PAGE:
Void Bastards Review: A Surprise Game of the Year Contender

By Mark Delaney,
Given just how big gaming has become, it's now difficult to allow a great game to sneak up on you. We all tend to see enough in pre-release marketing to have a feel for virtually every game, leaving us to only gather if expectations and reality converge in the end. Rarely, though, a game does manage to sneak up on players and reveal itself as one of the best games of the year. Void Bastards is one such game, and it's launching straight into Xbox Game Pass tomorrow. Do not miss it.

Void Bastards

Void Bastards is a roguelite immersive sim FPS. I understand that says a lot right away but that's the nature of Blue Manchu's amazing comic bookish coming-out party. To consider Void Bastards a shooter alone is grossly misunderstanding it. It's closer to Dishonored or even BioShock than to Call of Duty or Halo. Void Bastards puts players in the shoes of expendable convicts sent on space-faring missions in search of crucial supplies. Inspired by the game designer's former credits such as BioShock and System Shock 2, it's a game that never stops asking the player to be smart — and asks in new ways all the time. In return, it unceasingly feels rewarding to prove yourself.

Each procedurally generated spaceship has any number of problems and possible solutions to consider. They all have resources on board, though maybe not always the ones you specifically need. Along your travels through the Sargasso Nebula, the game's overworld will tell you what each ship offers — you decide how often you make pit stops. The overworld is itself a mini-game where you must manage fuel and food while dodging space pirates, alien whales, and other obstacles.

While this overworld mini-game hints at the game's deep strategy elements, heading on board any spaceship puts this feat in plain view. For starters, the game just feels perfect. Controls are fluid and basic — with no aiming down sights and several different buttons mapped for sprinting, your controller options basically include crouch, interact, switch weapons, and shoot. In this simplicity hides the game's stunning depth for combat.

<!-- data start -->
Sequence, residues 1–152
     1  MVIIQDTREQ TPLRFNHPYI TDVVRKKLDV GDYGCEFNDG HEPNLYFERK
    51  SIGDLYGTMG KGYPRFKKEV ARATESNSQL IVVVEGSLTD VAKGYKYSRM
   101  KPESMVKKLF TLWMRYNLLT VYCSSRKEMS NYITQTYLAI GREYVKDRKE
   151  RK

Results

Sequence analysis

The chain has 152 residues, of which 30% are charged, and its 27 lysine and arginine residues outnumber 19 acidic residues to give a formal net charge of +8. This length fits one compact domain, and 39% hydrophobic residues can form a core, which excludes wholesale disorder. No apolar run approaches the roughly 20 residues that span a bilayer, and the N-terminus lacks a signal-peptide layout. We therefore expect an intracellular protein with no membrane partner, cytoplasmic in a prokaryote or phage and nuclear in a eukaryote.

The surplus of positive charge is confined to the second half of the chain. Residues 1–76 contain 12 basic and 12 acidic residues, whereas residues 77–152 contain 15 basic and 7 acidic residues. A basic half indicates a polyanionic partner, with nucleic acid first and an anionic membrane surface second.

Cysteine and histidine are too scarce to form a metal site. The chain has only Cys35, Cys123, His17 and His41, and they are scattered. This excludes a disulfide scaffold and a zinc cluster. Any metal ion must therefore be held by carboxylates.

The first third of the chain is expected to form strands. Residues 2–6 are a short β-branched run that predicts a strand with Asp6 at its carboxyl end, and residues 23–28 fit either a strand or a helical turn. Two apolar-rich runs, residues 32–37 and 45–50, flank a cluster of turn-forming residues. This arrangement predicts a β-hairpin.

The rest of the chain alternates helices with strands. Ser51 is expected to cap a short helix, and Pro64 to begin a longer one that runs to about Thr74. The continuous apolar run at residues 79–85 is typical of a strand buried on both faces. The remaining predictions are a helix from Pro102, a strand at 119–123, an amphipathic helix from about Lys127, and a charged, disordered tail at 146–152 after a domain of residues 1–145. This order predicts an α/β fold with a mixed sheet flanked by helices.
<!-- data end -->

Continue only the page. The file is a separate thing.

There are at least a half dozen enemy types, each of them with different modifiers, and they all must be dealt with differently. The game also wants you to strongly consider avoiding combat whenever you can — as the game gets much tougher later on, you won't need to be told twice. Scanning a ship's map when first touching down is a crucial moment where your initial steps are plotted out. I tended to go right for the ship's helm when available because I could download ship data that would reveal inventory items on the map. Often a ship will have one or more high-value items on board which you may or may not know about in advance depending on your perks, the ships variables, and other factors. Regardless, there's always more than meets the eye and one of the game's best attributes is teaching players to trust their instincts — when to fight, when to sneak, and when to even just walk away, leaving some supplies uncollected.

As it's a roguelite, dying in Void Bastards sends you back to the start of the overworld. Historically this has been a mechanic that has annoyed me, but because it is implemented as well as everything else around it, this is the first roguelite I not only adore but plan to return to at harder difficulties. The game's upgrade tree is irresistible and expansive, with a massive number of possible tools, weapons, and passive buffs at your disposal should you find or manufacture the required elements to build them. Some will be more important for your play style while others you may not mind ignoring outright. Whatever the case, death allows you to keep all progress on this tree without exception. It instills a rewarding sense of progress even when you're sent back to the earliest spaceships in the nebula. Because they're procedurally generated, they don't get boring either. You're not repeating the same missions, you're seeing new places you haven't been to yet.